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240 × 156 × 20 mm
208 pages
118 illustrations, 65 in colour
16 Oct 2017

Refrigerator The Story of Cool in the Kitchen Helen Peavitt

Humans have been preserving food for millennia, but the refrigerator is a relatively new addition to our homes. Just before the Second World War, only 3 per cent of British households had one. In the interim years the fridge has become accepted as a taken-for-granted necessity blending into the household environment – background noise in the general hum of the kitchen. This book explores the history of refrigeration and how the fridge has become an essential appliance in our homes today.

Refrigeration technologies – essentially a completely new method of preserving and transporting all manner of perishable goods – had a profound impact on society from the nineteenth century onwards. Helen Peavitt leads us through the rooms, cabinets and boxes used to keep food, drink and other substances cool, their prime refrigerating function driven by mechanical means or, in earlier times, ice. The story of the refrigerator encompasses tales of scientific discovery, applied technology, power and steam engines; ice harvesting; industrial design and production; popular culture and taste; public health and hygiene; changing climate; technological aversion, danger and the odd dalliance with environmental catastrophe.

The book also explores the advertising and marketing of domestic fridges, and the ways patterns of food consumption have changed over the decades thanks to home refrigeration. Today our domestic refrigerators are food hubs: the nexus from which we plan our meals, store foods and focus our eating habits. Strikingly illustrated, Refrigerator: The Story of Cool in the Kitchen is an informative and often entertaining history of an object that has changed the way we eat and live.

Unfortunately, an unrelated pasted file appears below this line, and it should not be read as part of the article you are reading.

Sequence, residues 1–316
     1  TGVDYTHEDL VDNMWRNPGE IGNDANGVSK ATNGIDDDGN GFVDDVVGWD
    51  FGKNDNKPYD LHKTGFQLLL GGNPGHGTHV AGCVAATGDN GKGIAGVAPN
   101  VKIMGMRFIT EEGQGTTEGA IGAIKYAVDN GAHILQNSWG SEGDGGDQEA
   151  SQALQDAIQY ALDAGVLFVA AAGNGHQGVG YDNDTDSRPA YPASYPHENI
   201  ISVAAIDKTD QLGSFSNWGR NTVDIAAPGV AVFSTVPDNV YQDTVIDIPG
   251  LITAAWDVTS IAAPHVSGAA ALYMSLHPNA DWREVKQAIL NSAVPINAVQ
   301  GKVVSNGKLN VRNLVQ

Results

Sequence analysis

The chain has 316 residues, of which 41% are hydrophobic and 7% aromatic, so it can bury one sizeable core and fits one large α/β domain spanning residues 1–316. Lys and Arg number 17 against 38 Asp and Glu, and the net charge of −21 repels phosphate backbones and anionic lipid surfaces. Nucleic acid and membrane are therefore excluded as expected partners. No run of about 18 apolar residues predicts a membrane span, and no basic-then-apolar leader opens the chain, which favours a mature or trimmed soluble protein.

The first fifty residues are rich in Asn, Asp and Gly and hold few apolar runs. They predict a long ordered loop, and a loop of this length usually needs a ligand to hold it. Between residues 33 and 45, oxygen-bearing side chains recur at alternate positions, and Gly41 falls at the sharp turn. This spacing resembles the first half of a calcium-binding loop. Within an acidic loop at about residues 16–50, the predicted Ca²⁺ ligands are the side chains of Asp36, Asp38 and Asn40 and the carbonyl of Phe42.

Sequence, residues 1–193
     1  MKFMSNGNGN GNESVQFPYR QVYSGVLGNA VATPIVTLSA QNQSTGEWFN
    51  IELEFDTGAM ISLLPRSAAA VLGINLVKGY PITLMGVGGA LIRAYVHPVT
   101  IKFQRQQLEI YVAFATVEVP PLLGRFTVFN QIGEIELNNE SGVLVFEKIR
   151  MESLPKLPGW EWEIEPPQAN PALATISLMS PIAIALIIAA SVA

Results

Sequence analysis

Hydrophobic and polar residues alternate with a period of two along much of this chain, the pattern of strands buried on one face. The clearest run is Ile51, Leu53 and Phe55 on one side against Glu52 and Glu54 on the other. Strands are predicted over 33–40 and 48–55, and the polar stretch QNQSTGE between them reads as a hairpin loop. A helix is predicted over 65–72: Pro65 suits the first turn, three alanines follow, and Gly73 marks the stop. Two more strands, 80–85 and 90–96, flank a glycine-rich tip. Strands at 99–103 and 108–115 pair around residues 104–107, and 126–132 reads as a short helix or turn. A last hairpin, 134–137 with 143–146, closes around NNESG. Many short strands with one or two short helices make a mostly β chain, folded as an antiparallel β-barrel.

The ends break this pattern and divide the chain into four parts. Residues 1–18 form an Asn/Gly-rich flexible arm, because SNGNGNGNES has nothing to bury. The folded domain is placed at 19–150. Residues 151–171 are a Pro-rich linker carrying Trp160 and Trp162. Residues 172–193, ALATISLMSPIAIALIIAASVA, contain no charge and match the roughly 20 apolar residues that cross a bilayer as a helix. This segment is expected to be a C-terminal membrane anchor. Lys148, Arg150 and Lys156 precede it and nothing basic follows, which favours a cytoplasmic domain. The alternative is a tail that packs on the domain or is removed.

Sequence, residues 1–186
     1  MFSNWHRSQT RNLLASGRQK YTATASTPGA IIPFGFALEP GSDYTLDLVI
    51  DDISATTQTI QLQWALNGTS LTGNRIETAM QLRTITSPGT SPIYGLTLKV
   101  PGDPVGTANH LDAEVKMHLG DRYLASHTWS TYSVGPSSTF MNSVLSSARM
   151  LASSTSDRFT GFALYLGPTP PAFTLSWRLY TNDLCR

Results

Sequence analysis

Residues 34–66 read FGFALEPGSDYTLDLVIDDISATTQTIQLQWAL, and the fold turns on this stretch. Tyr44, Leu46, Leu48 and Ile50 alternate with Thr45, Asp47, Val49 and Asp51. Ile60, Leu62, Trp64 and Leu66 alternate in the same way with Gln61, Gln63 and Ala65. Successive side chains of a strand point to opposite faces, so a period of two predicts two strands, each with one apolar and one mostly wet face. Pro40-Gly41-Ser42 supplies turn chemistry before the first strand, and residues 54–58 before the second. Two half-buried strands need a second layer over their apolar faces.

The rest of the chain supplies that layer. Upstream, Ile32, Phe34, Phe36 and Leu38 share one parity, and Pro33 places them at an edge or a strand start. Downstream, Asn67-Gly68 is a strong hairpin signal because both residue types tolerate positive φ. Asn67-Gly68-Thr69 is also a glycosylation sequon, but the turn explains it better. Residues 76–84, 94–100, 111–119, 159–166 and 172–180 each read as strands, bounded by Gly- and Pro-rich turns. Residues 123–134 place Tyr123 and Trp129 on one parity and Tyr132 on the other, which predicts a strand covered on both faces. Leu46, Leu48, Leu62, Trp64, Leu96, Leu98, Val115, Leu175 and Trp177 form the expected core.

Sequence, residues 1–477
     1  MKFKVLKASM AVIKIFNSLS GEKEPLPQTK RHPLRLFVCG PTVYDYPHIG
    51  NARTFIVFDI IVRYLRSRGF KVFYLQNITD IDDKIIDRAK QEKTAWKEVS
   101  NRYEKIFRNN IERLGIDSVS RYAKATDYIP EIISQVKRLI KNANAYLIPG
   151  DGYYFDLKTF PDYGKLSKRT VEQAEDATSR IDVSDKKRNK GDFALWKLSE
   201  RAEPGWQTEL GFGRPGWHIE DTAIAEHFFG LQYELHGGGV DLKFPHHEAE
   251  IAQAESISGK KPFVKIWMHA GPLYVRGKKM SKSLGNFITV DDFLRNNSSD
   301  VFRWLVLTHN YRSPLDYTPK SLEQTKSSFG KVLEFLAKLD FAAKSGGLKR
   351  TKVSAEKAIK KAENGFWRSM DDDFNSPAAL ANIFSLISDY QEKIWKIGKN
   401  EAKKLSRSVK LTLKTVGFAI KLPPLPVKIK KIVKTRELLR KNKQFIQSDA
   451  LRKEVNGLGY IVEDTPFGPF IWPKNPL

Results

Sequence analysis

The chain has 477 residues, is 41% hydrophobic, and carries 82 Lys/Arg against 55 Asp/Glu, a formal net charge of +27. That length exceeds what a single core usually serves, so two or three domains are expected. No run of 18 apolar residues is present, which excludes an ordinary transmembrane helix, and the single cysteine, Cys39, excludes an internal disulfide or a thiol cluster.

Published in association with the Science Museum, London.

‘An important book – a masterful study that is both fascinating and entertaining about the every-day appliance that shaped, more than any other, the way we live and eat.’ — Claudia Roden, food writer

‘Peavitt’s primary interest is in the wide-ranging effects of refrigeration, and that is the great strength of the book . . . an important contribution to the general history of refrigeration.’ — Technology and Culture

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Helen Peavitt is curator of Consumer Technology at the Science Museum, London.


1 The Iceman Cometh

2 The Birth of Cool

3 Domesticating Cold

4 Refrigerator Dreams

5 Anatomy of the Refrigerator

6 A Culinary Revolution

7 ‘Is there Health in your Refrigerator?’

8 Refrigerated World


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Photo Acknowledgements